This is only the second experimental study in this area after C-HG, who implement a real-effort task and find broad support for the theory. They explain some deviations in their findings with the canonical model with loss aversion. Our findings with respect to the relationship between risk and incentive intensity are in line with C-HG and provide further support for the predictions of the IIP. This also confirms the argument that the empirical studies, which found a positive or no relationship, may have been due to the variety of other confounding factors. Consequently, our findings provide support to theorists who introduced alternative dimensions or additional variables to explain the observed positive relationship in the previous studies (e.g., Prendergast 2002; Wright 2004; Budde and Kräkel 2011).

Supporting the model’s prediction, we find no relationship between the variance in the performance and the effort choice of the agent. Furthermore, we find a positive relationship between effort and the size of the piece rate offered (ceteris paribus), which is in line with the predictions of the model, and more generally with the assumption of payoff maximizing behavior found in the literature on incentive contracts (Anderhub et al. 2002; Corgnet and Hernán-González 2018; Karakostas et al. 2017; Sloof and van Praag 2010).

In addition, we observe that whereas the level of effort in NR is significantly lower than the value predicted by the theory, it is still higher than in treatment R. This result differs from Sloof and van Praag (2010) and C-HG who employ real-effort tasks, suggesting that a higher level of effort in a risky environment can be explained if agents are loss averse. Agents may exert a higher effort to increase the probability of being above their reference earnings level. However, this may not be possible when the (stated) effort, as in our setting, has a monetary cost. In this case, increasing the level of effort may not help to obtain higher earnings. Hence, our result can shed light on how different tasks provide diverse results through different mechanisms. As this suggests that using stated rather than real effort may lead to deviations in effort choices, the impact of the two methods in behavior is worthy of further scrutiny.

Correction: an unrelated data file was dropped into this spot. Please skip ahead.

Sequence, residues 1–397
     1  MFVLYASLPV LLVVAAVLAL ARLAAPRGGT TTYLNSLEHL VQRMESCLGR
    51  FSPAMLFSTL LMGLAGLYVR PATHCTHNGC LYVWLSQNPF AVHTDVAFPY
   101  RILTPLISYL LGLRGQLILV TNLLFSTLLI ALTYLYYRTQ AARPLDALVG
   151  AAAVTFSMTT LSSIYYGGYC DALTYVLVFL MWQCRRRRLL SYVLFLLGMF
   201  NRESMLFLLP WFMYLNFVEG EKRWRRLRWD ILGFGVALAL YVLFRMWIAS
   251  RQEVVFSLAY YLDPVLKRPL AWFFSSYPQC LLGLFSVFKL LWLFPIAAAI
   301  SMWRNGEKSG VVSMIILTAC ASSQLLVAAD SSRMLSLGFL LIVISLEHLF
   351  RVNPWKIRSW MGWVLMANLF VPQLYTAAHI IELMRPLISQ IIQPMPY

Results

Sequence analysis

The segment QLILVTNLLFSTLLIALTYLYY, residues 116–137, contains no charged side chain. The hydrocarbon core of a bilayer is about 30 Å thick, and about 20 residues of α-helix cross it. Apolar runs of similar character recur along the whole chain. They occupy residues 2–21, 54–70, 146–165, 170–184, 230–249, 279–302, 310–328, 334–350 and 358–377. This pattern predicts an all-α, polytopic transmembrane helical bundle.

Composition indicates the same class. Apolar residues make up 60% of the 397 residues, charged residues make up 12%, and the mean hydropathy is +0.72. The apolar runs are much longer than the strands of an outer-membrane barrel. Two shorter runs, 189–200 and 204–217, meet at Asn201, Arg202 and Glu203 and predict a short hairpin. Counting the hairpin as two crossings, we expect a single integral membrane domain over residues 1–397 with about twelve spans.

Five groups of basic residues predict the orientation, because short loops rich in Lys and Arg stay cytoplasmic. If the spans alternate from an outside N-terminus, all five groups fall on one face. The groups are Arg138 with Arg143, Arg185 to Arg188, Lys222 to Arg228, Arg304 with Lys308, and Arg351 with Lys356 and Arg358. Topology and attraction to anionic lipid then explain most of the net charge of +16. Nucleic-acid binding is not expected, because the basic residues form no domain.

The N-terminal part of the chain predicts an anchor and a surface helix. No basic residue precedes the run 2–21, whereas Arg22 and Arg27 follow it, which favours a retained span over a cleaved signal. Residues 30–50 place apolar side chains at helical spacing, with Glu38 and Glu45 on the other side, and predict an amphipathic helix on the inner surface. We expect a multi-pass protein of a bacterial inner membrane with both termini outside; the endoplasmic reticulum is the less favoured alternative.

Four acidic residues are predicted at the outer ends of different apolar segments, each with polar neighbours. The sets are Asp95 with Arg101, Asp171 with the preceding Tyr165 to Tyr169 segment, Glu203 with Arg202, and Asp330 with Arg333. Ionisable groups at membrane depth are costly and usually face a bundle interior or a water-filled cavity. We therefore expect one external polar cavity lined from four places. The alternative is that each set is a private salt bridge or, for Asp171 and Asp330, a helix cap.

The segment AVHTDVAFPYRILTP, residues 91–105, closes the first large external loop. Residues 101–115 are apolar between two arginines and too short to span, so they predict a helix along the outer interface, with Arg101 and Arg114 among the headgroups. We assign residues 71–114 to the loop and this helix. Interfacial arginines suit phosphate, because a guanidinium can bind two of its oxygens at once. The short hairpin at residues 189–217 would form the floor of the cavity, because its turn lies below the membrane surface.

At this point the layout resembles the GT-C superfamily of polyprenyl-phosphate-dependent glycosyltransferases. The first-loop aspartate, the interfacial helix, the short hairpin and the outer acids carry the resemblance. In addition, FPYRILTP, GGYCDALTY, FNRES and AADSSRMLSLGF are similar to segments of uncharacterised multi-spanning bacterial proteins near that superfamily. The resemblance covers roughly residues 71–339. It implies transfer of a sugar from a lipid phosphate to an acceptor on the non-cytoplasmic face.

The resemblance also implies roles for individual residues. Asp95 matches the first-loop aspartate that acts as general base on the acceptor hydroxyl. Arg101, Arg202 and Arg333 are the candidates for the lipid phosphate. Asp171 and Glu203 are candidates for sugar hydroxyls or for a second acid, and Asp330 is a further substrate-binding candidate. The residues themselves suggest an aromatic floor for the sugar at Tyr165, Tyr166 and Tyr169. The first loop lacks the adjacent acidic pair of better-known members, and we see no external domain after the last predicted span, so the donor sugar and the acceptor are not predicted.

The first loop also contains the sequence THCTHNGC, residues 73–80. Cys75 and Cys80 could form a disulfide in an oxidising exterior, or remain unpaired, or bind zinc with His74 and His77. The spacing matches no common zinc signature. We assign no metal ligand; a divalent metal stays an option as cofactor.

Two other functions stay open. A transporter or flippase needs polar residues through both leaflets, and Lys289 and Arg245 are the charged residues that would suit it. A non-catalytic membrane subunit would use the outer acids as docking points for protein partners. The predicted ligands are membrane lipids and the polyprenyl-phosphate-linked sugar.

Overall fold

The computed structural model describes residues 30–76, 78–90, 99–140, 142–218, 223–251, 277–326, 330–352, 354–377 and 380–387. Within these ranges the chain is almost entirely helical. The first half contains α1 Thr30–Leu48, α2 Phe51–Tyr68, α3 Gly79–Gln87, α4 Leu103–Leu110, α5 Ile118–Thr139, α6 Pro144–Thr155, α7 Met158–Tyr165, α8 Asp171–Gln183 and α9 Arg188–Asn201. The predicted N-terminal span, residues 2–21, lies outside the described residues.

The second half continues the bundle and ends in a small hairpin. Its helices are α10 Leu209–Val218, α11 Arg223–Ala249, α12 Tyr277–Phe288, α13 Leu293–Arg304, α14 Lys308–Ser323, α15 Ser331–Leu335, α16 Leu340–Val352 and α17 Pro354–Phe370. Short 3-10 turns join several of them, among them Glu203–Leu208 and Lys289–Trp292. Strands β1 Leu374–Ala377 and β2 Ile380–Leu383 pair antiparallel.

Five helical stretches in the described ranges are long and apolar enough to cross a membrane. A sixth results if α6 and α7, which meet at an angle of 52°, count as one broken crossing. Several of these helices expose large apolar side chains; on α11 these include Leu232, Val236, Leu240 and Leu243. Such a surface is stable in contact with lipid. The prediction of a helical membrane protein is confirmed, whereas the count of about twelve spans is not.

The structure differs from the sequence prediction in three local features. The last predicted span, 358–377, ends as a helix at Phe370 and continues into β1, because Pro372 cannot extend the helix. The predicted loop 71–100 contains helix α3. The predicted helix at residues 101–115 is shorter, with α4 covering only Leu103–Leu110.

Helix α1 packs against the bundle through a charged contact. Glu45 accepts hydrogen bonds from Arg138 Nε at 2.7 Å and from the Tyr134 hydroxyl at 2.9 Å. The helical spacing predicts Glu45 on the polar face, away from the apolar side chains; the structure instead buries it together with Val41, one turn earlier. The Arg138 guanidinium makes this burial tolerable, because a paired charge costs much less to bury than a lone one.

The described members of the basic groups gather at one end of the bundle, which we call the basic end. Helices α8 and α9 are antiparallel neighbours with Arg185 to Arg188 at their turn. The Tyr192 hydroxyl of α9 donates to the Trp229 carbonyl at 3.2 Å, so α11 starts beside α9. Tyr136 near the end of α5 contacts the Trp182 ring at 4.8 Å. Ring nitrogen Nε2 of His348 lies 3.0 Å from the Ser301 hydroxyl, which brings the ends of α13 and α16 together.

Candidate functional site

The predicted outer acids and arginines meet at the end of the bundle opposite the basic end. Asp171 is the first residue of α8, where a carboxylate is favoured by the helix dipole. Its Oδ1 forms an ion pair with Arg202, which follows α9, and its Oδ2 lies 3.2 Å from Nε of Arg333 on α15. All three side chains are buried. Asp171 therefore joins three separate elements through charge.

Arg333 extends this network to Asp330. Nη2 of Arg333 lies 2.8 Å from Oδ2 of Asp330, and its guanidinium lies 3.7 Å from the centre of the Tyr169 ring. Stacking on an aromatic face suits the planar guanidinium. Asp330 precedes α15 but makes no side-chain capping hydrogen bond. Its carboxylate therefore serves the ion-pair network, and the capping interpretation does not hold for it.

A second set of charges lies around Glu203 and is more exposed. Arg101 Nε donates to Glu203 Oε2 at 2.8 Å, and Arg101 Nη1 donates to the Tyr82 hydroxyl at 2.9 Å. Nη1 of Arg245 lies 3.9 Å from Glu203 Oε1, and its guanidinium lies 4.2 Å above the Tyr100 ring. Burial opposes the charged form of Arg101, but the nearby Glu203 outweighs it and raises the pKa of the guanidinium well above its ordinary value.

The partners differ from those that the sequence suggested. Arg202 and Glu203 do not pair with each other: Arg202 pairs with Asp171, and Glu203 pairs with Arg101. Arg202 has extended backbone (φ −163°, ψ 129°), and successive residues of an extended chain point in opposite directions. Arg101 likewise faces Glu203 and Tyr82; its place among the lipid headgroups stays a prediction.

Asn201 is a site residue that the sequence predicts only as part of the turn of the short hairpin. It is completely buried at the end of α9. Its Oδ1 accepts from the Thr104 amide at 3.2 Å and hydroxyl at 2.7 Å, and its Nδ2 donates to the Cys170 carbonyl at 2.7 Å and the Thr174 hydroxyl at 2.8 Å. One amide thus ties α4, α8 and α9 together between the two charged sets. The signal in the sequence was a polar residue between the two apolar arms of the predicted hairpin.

Moreover, the agents respond positively to higher fixed wages by exerting more effort—contradicting both the standard theory, and the experimental findings. This result, however, is consistent with the previous studies on labor contracts in which agents hold social and reciprocal preferences. Indeed, such a positive relationship between the fixed wage and effort is observed in the existing experimental studies on gift exchange (Fehr et al., 1998; Fehr and Schmidt 1999; Fehr and Gächter 2002; Fehr and Schmidt, 2004, 2007).